Climate & Energy Blog

State Department Releases Supplemental Environmental Analysis on Keystone XL Tar Sands Oil Pipeline

Posted Apr. 15, 2011 / Posted by: Kelly Trout

For Immediate Release
April 15, 2011

Contact:
Alex Moore, amoore@foe.org, 202-222-0733
Matthew Cain, mcain@foe.org, 202-222-0751

State Department Releases Supplemental Environmental Analysis on Keystone XL Tar Sands Oil Pipeline

Study improves upon first draft analysis by recognizing tar sands oil as more polluting than conventional oil

New analysis is still deficient in key areas, and the public not given adequate opportunities to comment

WASHINGTON, D.C.—The U.S. State Department today released a Supplemental Draft Environmental Impact Statement (SDEIS) for the controversial Keystone XL pipeline, which would carry highly polluting tar sands oil from Canada across six U.S. states to refineries in Texas.

The supplemental environmental analysis had been requested by communities that could be impacted by the pipeline, as well as by members of Congress, and the U.S. Environmental Protection Agency. The EPA gave the State Department’s first Draft Environmental Impact Statement its worst possible rating, “category-3 inadequate,” for lacking detailed information about key environmental concerns, including pipeline spills, impacts on global warming, and pollution of air and water.

Alex Moore, Dirty Fuels Campaigner at Friends of the Earth, had the following statement:

“The State Department’s first draft environmental analysis was so inadequate that it had no place to go but up in its second attempt. Unfortunately, the American public is still not getting a complete picture of the many serious dangers that this mega-pipeline would pose.

“On first reading, we are concerned that the State Department has still not done a serious and thorough analysis of significant dangers, including the safety of tar sands oil pipelines and the pollution caused by tar sands oil production.

“The State Department has taken an important step in categorically stating that tar sands oil has far higher greenhouse gas emissions than do other forms of oil used in the U.S.—this finding alone should lead the State Department to reject the permit for this pipeline.

“We are disturbed to see that the State Department is neither giving enough time for public comments nor has it scheduled any public hearings. This is not in line with President Obama’s commitments to transparent and accountable government. The American people have a right to speak out about this risky dirty oil project.”

When releasing the SDEIS, the State Department indicated that it will accept public comments for only 45 days and did not announce any public hearings.

In a letter sent to Secretary of State Hillary Clinton on April 4, 2011, thirty-two local and national organizations, ranging from Friends of the Earth and the Sierra Club to the Nebraska Farmers Union and Dakota Rural Action, called on the State Department to hold a 120-day public comment period and public hearings in states along the pipeline’s route.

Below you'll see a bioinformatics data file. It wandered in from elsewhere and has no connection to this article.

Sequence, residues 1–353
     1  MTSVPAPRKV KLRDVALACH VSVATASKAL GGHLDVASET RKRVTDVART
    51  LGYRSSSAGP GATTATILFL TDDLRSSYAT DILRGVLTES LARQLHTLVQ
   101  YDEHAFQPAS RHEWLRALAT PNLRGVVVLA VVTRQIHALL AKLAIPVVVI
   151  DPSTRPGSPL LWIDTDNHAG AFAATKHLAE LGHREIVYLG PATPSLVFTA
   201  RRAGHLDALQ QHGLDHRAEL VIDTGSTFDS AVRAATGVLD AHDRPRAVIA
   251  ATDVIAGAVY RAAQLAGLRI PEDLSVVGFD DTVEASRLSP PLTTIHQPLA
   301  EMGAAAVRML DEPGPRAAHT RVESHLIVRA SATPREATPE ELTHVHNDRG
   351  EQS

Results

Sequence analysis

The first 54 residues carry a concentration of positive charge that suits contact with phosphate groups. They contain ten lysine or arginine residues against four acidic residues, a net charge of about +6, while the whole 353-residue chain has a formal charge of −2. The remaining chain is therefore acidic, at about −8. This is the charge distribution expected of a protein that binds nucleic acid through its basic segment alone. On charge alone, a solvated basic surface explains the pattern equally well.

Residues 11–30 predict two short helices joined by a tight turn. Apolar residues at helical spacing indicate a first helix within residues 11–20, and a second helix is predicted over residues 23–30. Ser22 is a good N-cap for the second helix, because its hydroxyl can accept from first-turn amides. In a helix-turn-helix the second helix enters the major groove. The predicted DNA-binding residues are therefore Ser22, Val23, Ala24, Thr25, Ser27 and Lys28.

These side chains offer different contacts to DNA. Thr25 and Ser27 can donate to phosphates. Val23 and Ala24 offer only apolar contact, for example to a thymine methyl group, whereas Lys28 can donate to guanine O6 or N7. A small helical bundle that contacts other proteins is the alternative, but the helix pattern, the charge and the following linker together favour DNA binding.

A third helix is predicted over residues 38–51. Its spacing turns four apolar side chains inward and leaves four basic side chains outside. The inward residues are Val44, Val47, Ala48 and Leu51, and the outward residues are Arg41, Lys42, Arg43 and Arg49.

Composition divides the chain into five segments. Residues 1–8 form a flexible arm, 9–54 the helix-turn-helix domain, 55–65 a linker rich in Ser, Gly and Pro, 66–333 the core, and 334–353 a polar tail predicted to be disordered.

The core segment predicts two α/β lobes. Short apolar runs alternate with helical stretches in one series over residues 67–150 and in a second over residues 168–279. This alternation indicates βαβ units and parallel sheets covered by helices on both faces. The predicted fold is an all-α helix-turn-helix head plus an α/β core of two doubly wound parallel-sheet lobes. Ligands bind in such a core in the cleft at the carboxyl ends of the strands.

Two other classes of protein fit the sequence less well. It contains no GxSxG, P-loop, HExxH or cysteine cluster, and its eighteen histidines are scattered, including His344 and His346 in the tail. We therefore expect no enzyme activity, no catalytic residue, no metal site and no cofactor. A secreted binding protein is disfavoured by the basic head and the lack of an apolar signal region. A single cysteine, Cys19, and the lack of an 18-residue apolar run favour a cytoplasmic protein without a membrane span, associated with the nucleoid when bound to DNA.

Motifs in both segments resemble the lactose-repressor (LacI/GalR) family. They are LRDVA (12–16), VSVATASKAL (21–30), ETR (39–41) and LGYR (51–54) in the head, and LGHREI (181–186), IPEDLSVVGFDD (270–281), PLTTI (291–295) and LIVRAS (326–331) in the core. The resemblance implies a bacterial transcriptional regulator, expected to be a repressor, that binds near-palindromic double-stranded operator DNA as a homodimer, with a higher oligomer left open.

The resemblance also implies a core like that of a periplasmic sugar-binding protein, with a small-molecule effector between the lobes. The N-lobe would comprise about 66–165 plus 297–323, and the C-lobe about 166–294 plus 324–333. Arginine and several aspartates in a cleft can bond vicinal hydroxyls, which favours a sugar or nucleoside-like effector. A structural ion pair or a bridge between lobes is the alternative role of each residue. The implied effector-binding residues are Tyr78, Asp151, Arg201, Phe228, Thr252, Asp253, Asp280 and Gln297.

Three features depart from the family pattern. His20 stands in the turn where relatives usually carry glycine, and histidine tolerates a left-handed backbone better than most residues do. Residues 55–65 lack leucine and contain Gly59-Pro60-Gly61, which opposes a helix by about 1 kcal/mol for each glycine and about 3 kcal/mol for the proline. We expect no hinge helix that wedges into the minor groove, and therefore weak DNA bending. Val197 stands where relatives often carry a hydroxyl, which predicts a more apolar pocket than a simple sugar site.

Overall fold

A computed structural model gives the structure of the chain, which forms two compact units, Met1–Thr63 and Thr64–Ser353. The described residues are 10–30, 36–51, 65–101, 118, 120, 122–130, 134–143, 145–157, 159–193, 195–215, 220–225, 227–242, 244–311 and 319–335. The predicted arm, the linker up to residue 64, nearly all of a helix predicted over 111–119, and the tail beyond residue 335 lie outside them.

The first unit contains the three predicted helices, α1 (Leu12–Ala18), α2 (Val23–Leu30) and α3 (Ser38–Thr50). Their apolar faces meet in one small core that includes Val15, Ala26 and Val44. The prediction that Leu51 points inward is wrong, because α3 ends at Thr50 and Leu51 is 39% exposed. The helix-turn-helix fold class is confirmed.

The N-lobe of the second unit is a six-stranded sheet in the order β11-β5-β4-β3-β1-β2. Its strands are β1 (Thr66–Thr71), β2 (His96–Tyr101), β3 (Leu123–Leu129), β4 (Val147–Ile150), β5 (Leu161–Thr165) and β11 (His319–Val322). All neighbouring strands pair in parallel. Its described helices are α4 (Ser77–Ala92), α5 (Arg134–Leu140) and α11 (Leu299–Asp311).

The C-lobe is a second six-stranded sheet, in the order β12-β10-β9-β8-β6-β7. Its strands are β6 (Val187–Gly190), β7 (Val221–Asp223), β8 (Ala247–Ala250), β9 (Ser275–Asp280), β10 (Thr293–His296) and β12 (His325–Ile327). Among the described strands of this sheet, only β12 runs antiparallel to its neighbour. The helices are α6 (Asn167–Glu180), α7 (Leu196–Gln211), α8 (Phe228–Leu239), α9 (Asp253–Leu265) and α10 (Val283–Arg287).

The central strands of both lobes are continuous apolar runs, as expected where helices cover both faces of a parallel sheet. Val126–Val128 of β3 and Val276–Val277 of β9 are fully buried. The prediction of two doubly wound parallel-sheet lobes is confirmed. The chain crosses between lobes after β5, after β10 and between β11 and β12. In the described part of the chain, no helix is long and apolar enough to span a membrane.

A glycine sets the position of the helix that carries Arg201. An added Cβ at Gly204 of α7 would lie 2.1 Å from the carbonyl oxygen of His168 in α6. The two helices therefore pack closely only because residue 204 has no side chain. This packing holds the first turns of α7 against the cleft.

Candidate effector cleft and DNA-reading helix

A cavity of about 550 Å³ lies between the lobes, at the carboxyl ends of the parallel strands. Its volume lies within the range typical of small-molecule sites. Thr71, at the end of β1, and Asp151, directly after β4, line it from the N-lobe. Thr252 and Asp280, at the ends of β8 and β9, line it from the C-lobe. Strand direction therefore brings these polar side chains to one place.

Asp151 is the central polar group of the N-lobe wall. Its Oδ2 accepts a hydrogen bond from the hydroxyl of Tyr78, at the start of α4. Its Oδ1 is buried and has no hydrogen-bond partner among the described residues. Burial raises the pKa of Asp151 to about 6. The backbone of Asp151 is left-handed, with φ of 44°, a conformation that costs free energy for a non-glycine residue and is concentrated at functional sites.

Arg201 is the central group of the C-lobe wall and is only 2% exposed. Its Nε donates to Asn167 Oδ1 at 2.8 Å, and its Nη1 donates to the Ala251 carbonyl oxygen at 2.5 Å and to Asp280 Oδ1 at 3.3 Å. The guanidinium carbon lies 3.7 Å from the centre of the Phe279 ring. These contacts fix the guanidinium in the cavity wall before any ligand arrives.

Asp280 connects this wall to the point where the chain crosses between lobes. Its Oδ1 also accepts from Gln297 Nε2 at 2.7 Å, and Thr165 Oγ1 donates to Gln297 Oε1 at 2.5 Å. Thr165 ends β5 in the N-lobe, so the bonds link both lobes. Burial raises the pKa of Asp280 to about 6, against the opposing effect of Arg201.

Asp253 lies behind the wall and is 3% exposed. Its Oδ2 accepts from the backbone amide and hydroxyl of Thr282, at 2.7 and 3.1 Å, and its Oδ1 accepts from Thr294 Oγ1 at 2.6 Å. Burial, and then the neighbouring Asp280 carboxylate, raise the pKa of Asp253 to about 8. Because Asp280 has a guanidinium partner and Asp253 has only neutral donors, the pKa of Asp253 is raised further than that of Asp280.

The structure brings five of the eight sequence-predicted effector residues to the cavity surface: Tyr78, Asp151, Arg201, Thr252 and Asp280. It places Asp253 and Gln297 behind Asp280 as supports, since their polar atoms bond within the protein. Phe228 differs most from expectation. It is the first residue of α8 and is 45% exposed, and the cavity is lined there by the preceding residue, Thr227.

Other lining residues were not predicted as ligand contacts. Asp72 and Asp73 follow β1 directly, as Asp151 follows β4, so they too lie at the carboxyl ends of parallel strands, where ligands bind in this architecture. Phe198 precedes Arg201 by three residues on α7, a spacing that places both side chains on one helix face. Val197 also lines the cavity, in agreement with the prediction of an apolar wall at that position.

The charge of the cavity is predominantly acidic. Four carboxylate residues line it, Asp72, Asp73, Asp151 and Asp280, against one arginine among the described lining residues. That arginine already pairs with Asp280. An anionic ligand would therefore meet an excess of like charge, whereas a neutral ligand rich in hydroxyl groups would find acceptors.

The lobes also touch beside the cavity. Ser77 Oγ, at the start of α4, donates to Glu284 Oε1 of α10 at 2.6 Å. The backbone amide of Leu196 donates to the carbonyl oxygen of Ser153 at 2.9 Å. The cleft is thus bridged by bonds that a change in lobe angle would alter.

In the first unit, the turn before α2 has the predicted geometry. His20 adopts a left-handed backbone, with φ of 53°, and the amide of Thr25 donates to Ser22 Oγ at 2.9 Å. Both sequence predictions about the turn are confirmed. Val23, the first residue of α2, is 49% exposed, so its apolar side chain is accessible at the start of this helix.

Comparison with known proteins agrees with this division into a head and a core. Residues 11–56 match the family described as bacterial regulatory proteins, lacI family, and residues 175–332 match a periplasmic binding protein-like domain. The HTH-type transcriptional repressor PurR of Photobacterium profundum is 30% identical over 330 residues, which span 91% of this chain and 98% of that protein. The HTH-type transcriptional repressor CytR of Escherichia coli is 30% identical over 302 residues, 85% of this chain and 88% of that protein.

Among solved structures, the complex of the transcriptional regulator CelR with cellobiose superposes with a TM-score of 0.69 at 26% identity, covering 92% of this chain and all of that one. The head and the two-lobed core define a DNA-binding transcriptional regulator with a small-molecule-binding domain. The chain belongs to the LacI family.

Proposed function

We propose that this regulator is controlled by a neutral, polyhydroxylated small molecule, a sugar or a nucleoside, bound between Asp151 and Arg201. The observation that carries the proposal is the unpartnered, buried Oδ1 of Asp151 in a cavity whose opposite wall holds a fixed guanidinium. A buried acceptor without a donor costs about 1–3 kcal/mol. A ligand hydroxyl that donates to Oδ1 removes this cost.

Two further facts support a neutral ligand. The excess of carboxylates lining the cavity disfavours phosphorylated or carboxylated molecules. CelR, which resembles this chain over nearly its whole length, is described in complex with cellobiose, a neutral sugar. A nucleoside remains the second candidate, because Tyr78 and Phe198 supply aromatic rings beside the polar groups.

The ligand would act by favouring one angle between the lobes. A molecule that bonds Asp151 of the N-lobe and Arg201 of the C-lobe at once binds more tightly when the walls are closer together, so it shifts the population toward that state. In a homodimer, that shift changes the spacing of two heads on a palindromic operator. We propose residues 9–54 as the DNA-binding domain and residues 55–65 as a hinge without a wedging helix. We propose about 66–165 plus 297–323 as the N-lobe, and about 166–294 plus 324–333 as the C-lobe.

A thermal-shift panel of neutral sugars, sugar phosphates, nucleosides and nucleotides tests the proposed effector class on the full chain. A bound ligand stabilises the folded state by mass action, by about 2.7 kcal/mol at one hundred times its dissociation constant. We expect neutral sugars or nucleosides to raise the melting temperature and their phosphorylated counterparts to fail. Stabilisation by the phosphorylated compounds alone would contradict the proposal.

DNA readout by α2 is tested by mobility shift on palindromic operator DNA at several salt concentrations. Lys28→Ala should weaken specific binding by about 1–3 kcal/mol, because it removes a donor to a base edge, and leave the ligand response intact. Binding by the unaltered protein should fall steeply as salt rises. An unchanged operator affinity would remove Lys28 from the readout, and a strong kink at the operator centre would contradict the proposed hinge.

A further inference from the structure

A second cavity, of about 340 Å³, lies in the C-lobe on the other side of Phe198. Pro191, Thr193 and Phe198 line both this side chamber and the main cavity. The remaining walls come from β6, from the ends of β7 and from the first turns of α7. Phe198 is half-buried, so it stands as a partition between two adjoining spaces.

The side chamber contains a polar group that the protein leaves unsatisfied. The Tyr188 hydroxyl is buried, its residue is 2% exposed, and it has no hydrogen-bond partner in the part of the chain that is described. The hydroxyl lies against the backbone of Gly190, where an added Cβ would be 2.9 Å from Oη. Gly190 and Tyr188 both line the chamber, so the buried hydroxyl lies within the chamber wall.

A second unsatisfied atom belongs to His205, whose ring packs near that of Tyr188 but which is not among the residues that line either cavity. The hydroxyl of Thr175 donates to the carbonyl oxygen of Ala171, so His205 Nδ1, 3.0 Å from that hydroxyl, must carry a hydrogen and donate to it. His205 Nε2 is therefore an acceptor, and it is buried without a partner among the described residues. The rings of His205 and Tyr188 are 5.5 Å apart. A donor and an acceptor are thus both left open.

The Supplemental Draft Environmental Impact Statement for the Keystone XL pipeline is available here: http://www.keystonepipeline-xl.state.gov/clientsite/keystonexl.nsf/04_KXL_SDEIS.pdf?OpenFileResource

The letter sent by 32 groups to Secretary Clinton demanding a longer comment period and hearings is available here: http://www.foe.org/sites/default/files/Letter-Clinton-public-comment-SEIS-Keystone-XL-pipeline-4411.pdf

The following are excerpts from the SDEIS section stating that tar sands oil has far higher greenhouse gas emissions than other forms of oil used in the U.S.:

Page 239: “As shown in Figure 3.14.3-1, the NETL WTW GHG emission estimates from gasoline produced from WCSB oil sands-derived crude oils are 17 percent higher than that the GHG emission estimates for gasoline produced from the average mix of crude oils consumed in the United States in 2005, and are approximately 19, 13, and 16 percent higher than GHG emission estimates for Middle East Sour, Mexican Heavy (i.e., Mexican Maya), and Venezuelan20 crude oils, respectively (NETL 2009).”

Page 243: “Despite the differences in study design and input assumptions, it is clear that WCSB crude oils, as would likely be transported through the proposed Project, are on average somewhat more GHG-intensive than the crudes they would displace in the U.S. refineries. … [T]he life-cycle GHG emissions associated with transportation fuels produced in U.S. refineries would increase with increased imports of WCSB crude oils.”

###
Friends of the Earth is fighting to defend the environment and create a more healthy and just world. Our current campaigns focus on promoting clean energy and solutions to climate change, keeping toxic and risky technologies out of the food we eat and products we use, and protecting marine ecosystems and the people who live and work near them.

« Back to main page